Rich Graham of Year Here discusses the role of collaboration and his experience of working collaboratively with others.
Collaboration is both difficult and vital in the third sector. It is the key to solving Britain’s thorniest social problems, yet our society naturally fosters an environment of competition, not collaboration.
Large scale collaborations are rare, but when it does happen the social impact can be huge. Small scale collaboration is much easier in practice. There is less clunky bureaucracy to hurdle and individuals can work on an informal basis. As a fellow on Year Here, a post-grad programme in social innovation, I have been exposed to the benefits and difficulties of collaboration on both a large and small scale.
The growing trend of government outsourcing public services presents a major challenge to collaboration. This issue is particularly acute in the homelessness sector, where I spent 4 months working for a homeless charity. Local authorities are facing rising demand for homelessness services whilst their budgets are being slashed. The impact of this is that charities are forced to compete with each other for government contracts, with each vying to offer the best service for the lowest cost.
Although competition promotes innovation in the private sector, in the social world the stakes are much higher. As charities compete for government funds they become protective over their research, knowledge and resources. If we want to find the best solutions to thorny social issues, like homelessness, organisations must share their assets. By sharing what practices work well and those that don’t, they can gradually fine tune their services to provide high quality outcomes.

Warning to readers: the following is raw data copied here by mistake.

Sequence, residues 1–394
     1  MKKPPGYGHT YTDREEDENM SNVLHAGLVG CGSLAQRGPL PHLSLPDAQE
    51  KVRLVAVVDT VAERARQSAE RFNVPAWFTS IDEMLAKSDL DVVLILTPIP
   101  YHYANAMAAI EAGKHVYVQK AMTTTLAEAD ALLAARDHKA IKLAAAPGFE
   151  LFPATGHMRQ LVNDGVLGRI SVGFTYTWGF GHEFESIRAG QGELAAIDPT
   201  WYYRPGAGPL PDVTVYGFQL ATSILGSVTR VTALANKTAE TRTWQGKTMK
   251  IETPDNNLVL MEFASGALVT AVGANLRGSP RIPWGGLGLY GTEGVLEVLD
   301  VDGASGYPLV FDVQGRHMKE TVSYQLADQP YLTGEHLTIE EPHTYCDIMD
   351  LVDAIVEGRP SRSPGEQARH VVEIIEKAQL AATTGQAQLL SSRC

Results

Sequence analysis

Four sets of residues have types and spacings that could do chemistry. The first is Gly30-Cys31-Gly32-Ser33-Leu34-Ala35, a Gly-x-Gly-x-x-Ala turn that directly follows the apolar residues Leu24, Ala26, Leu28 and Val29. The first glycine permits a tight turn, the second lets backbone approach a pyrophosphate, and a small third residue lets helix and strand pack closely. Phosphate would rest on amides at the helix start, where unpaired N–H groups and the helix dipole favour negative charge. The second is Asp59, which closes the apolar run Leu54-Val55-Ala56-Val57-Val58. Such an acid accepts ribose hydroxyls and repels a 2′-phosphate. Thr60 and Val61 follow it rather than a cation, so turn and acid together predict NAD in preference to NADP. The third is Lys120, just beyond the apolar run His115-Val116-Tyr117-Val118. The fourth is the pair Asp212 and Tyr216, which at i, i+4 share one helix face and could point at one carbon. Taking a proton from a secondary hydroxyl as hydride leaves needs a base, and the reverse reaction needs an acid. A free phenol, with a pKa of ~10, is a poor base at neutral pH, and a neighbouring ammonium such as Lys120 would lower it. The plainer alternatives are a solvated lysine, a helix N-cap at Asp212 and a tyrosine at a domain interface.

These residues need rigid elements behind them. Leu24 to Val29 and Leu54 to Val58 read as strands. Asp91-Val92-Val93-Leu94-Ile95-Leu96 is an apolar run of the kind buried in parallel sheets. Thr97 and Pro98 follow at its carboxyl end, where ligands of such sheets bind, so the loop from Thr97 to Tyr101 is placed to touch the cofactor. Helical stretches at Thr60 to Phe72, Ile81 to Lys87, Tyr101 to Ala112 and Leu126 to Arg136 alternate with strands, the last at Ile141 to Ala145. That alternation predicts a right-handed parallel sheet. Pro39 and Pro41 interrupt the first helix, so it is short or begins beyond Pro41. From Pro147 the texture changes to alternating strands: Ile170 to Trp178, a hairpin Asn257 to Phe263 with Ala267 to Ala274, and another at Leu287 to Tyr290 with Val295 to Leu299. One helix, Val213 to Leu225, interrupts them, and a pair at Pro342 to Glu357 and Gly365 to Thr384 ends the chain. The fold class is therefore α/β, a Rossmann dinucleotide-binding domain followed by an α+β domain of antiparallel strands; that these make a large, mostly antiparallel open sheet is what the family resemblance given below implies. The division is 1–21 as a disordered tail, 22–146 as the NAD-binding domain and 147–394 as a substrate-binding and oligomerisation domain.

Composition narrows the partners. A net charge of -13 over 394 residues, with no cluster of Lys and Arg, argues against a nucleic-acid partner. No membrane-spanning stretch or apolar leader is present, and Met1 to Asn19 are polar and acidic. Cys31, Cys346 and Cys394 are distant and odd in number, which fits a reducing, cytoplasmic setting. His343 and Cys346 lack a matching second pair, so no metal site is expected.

I’ve found that collaboration is much easier to practice on a smaller scale. As part of the Year Here programme, I’ve now worked on a number of smaller collaborative projects with brilliant results. For example, myself and the other fellows run a series of events called Beer Here. Beer Here is a regular meet up for socially conscious young Londoners. We produce engaging events, which offer a fresh take on deep rooted social problems.
Starting with virtually no money, we were forced to haggle and charm our partners into donating their time and expertise for free. At first I thought this would impact on the quality of our events, but to my surprise, I found that even top experts were happy to work with us towards a shared goal.
Our last event looked at London’s growing gang culture and we secured six brilliant speakers for the event. Our headline speaker was David Cohen, pioneer of the Evening’s standards Dispossessed Campaign. We were able to collaborate with speakers like David, because we shared a common purpose. We both wanted to give the public a deeper understanding of our native gang culture.
Although bigger organisations face more obstacles to collaboration, it is important to adopt a collaborative mindset where possible. People in the third sector are all motivated to improve society. By pooling their skills and resources this ambition can be realised.
This article was written by Rich Graham, a Fellow at Year Here, and published on the Unusual Suspects Festival website. Click here to read the full piece.